Even before fire consumed 10 out of 25 main street shops in the village of Mogo and numerous other businesses, the business community were developing the kind of camaraderie that would see them through the disaster – they just didn’t know it.
“We do have regular meetings but they aren’t formal,” chuckles chamber of commerce president Richard Adams “we usually get together and have a few drinks and catch up.”
The Mogo Chamber is only three years old but the formula obviously works, with some of the highest participation levels in the state.
“We’re one of the youngest chambers in the NSW but we have 38 members out of about 50 businesses total – and I think there will be more after the fire,” Richard comments.
Richard owns a gift shop in Mogo, Hidden Treasures, that survived the fire. But he lost his home and plenty of stock destined for his shop with it.
Despite this, he’s philosophical about his loss and about the future of Mogo and the community.
“Everyone has a different issue or problem and everyone has lost something in this fire. Some houses still don’t have electricity and people get frustrated – I understand, I’ve been frustrated too, it’s taken me a few weeks to get to a better state of mind. Progress is slow but we’re doing reasonably OK.”
Richard has a lot of empathy for the organizations and levels of government responsible for responding to this kind of disaster.
“It’s all new to them too – black Saturday was tiny compared to this,” he says, laughing as he adds “I call the Recovery Centre in Bateman’s Bay the Discovery Centre because you never know what you’ll find there, it’s been evolving since it opened because they just had no idea what we would need. ”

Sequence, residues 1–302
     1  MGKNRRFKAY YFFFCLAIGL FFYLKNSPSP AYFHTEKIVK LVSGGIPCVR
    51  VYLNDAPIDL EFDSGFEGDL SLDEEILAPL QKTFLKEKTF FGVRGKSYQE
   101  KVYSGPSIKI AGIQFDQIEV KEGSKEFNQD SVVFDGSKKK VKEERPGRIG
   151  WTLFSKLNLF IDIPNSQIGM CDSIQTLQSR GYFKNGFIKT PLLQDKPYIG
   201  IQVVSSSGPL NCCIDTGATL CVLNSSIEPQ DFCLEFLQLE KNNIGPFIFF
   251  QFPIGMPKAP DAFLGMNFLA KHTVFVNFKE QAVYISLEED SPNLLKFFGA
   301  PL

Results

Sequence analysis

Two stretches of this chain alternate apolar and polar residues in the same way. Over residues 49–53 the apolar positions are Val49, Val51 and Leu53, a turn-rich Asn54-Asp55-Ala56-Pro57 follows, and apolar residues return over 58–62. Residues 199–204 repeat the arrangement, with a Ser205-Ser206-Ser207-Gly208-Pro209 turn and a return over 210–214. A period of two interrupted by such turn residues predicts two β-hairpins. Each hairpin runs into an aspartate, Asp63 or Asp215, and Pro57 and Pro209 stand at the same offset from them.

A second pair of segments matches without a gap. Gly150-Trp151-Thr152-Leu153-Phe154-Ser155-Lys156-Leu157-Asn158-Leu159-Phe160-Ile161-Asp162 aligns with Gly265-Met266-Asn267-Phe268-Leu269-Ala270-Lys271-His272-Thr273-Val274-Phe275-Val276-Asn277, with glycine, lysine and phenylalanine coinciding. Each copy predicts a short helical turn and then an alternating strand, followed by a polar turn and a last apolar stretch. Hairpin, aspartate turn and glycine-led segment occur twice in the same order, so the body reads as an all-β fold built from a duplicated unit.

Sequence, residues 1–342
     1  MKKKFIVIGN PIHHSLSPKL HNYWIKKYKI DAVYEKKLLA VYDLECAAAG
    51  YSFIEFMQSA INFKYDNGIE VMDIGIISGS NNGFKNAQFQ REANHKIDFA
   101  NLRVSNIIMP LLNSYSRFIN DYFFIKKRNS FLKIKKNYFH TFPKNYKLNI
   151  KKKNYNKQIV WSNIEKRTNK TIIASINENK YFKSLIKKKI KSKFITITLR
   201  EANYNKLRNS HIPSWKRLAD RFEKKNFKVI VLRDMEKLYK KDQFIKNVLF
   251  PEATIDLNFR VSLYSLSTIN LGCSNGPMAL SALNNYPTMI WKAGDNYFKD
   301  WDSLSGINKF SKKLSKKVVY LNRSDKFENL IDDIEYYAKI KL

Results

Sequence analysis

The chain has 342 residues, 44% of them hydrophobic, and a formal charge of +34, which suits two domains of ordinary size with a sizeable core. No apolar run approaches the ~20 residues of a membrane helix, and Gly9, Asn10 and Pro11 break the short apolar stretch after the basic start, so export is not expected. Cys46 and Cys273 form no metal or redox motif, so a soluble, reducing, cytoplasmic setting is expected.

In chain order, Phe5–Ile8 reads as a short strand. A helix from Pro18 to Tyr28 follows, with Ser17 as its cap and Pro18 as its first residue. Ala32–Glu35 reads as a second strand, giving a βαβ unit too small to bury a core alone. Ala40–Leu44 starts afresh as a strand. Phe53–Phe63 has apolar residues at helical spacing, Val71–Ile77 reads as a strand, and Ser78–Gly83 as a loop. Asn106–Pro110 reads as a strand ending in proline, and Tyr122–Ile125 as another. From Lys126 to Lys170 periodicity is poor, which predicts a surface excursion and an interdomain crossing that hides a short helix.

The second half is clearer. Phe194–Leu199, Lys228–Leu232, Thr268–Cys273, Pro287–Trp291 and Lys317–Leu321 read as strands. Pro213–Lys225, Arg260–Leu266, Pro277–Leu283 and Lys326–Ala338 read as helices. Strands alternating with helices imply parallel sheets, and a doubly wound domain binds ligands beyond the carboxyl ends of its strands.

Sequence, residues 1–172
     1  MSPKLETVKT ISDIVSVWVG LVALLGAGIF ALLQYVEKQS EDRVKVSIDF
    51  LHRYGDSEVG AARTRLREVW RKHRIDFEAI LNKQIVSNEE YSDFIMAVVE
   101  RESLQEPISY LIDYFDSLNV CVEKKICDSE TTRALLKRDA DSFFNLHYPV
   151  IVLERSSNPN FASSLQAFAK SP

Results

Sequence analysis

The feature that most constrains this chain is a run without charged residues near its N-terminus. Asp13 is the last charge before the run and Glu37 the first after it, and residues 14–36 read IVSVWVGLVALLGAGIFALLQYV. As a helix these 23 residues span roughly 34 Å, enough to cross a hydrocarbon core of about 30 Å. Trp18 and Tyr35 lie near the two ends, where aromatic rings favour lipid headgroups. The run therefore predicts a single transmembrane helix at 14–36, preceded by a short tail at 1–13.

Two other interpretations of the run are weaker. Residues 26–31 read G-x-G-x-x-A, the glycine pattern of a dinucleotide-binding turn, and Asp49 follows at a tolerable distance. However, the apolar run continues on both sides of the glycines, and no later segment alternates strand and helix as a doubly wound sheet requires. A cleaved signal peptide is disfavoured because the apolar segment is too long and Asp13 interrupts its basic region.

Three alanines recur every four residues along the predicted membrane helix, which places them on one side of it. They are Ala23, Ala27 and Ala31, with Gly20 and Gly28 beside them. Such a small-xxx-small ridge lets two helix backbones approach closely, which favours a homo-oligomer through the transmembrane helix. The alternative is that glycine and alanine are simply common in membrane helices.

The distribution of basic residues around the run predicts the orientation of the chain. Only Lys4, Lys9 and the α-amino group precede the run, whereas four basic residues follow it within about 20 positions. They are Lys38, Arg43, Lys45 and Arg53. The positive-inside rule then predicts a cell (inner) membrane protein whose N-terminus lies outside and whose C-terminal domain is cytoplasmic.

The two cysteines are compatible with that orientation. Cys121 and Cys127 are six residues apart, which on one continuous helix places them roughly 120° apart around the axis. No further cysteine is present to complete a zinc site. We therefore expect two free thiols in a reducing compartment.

Another small town on the Prices Highway, Moruya, was badly impacted by the proximity of fire but the blaze was contained on the western edges of the town, coming within 150 metres of Moruya Hospital before firefighters stopped it.
Moruya’s Chamber president, Tim Dalrymple, runs Sport First, a sports store on the main street and reports that the economic impact of the fires on the 62 business which belong to the chamber has been “a mixed bag.”
“We haven’t seen any business close yet but we had a few open like the ice cream parlour reopened on New Year’s Day. I think they are doing OK but we do rely on the tourism dollar, I know Tackle World is down about 75 per cent, that’s a pretty horrendous hit.”
There have been almost 500 houses lost in the Eurobodalla and Tim says that the economic flow-on of 500 households replacing burnt goods is becoming clear.
“It’s not for good reasons but the manager at Harris Scarfe told me they are up by about 20 per cent and the guy at the mower shop said the same thing.”
Still, the total impact of these unprecedented fires is as yet unknown and both Tim and Richard stress the ongoing mental health impact on themselves and their communities.
“My sister convinced me to fly to Sydney just before it all broke out and I got there and sat in front of the TV and watched Rosedale and Malua Bay burn and I just burst into tears, thinking I know most of the people who own those houses,” Tim says.
“I still need to de-brief about it – I think everyone does. It’s less now but it’s still there,” he adds.
Most shops which burnt in Mogo are underinsured and the big test will come in the next few months as the town begins to rebuild, Richard says.
“Some businesses won’t be able to come back, we’re coming into winter, our low season and many businesses will need financial assistance to stay afloat for the next 12 months.”
Ricard is blown away that more lives weren’t lost, given the ferocity of the fire that came through Mogo and says that the fact gives him hope for the future.
“We’re obviously dealing with something a bit different now, with climate change. But when you think it’s real bad, look in the mirror – you’re still here. We’ve all got to work together and move forward now.”